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Bumble bees

English
Bombus

Bumble bees are large, stocky, hairy insects, generally from 6 to 25 mm long. Their bodies are often black and yellow, sometimes with orange, red or white markings.

The hind legs of female bumble bees are modified to help them collect and carry pollen. Their abdomens are tipped with a stinger.

They form organized societies divided into three castes. The queen is the largest insect in the colony and measures from 13 to 32 mm long. Workers – all females – vary from 7 to 18 mm, and males are from 10 to 17 mm long.

Honey bees

English
Apis mellifera

Honey bees have hairy bodies with thick waists. Their mouthparts are the licking-chewing type. They have two pairs of wings on the thorax held together with hooks. There are three castes in the species: the queen, workers and drones.

The queen is the largest bee in the colony, 16 to 20 mm long. Her pointed abdomen extends far beyond her wings and is tipped with an egg-laying organ.

Workers are all females, and are about 12 mm long. They have specialized structures on their legs for gathering and carrying pollen. Their abdomens have glands for producing wax, and are tipped with a stinger.

Drones are the males of the colony. They have massive bodies, 15 to 16 mm long. Their abdomens have rounded tips. They have large eyes and no stinger.

Solitary bees and social bees

English

Apoidae include all bees, both social and solitary. Bumble bees are also part of this Hymenopteran superfamily. These insects have two pairs of membranous wings. In flight, their wings are held together by a row of hooks on the hindwings. At rest, their wings are separated and folded over the abdomen.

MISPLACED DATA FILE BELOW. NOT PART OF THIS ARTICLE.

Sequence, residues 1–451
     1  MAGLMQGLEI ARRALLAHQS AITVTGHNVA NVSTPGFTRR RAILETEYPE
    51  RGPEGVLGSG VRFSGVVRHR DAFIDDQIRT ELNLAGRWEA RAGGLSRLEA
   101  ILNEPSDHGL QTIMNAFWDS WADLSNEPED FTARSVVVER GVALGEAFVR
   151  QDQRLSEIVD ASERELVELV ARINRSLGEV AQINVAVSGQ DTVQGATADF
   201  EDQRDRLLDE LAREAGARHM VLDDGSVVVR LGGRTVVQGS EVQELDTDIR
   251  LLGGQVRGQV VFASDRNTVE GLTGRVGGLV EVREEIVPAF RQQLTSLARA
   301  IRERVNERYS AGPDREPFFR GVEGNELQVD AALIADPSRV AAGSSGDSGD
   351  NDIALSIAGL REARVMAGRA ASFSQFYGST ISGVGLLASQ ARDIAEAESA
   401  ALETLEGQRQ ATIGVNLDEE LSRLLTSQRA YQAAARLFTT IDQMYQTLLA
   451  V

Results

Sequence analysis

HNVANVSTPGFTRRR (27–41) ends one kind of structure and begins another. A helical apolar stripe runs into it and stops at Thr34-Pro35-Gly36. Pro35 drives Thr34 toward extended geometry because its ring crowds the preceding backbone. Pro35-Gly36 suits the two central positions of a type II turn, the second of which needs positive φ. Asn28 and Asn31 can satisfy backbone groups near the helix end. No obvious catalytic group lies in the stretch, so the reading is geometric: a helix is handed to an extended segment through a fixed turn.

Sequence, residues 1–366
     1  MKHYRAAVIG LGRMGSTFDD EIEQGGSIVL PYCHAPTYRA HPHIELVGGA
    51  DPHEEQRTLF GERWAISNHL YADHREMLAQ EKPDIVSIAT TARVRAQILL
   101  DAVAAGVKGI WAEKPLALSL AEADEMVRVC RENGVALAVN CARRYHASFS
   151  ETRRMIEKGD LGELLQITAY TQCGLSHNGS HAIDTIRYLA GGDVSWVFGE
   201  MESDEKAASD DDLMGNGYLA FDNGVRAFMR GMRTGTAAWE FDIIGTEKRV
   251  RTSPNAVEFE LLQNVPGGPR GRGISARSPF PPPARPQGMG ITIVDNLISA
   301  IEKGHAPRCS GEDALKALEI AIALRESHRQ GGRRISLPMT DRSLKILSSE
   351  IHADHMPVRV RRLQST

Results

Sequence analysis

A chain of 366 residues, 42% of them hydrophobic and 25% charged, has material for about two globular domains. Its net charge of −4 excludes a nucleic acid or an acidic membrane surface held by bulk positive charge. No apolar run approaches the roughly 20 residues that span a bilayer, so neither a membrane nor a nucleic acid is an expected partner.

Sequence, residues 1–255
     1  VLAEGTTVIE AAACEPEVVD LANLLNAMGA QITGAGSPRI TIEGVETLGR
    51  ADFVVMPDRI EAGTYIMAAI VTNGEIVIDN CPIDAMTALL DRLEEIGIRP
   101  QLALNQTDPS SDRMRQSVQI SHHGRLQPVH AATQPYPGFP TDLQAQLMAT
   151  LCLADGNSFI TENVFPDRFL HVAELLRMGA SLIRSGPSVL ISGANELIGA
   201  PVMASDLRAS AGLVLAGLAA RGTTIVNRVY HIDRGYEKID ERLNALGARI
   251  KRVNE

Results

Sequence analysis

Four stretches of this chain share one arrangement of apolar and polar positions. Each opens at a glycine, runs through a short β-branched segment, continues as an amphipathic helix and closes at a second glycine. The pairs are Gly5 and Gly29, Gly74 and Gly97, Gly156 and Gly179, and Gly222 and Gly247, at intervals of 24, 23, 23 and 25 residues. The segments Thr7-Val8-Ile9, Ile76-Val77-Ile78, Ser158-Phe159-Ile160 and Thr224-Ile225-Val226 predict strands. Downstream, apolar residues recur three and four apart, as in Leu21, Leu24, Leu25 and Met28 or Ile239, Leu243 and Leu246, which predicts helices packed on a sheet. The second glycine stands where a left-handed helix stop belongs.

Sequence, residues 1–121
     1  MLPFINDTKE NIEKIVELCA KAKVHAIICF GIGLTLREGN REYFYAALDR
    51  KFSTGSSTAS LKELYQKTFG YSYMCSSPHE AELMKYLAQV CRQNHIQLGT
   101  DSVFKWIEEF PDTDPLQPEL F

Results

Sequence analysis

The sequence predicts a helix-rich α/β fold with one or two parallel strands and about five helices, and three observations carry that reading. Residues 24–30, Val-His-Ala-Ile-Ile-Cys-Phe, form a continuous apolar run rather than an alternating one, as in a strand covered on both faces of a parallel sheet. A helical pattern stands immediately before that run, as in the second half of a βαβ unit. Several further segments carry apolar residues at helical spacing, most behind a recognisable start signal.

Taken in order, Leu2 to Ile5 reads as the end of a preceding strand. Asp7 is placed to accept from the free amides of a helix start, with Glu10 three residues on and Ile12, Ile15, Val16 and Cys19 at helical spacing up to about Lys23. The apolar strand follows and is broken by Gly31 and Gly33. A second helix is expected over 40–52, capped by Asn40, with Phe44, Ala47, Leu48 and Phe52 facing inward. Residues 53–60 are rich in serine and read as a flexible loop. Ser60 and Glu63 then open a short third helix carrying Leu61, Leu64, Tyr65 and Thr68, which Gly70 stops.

Apoidae have slender waists. This characteristic gives them great flexibility in moving their abdomens, allowing a female honeybee to lay an egg at the bottom of a cell, for instance.

Most bees are black or brownish in colour, but some are bright bluish-green or metallic green, while others are banded or marked with yellow or orange and black. Many bees have smooth bodies, while others are quite hairy.

Black swallowtail

English
Papilio polyxenes asterius

This butterfly’s wingspan is between 9 and 10 cm. Its black wings have two rows of yellow spots along the edges. The lower wings have an orange spot with a black centre on the bottom edge, and the tip of the wing is long and thin.

Females can be distinguished from males by their larger abdomens and a wide band of blue scales on their back wings. The two rows of yellow spots are less pronounced in females.

Papilionidae

English

In most species of Papilionidae (swallowtail butterflies), the back wings have a long tip at the end that looks like a swallow’s tail. Most swallowtail caterpillars have an osmeterium, an organ with two small horns that produces a foul odour. Some have large eyespots that can frighten predators.

Viceroy

English
Limenitis archippus

This butterfly’s wingspan ranges from 6.5 to 7.5 cm. Their orange colour contrasts with their black ribs. There is one row of white spots along the wide black edge of their wings.

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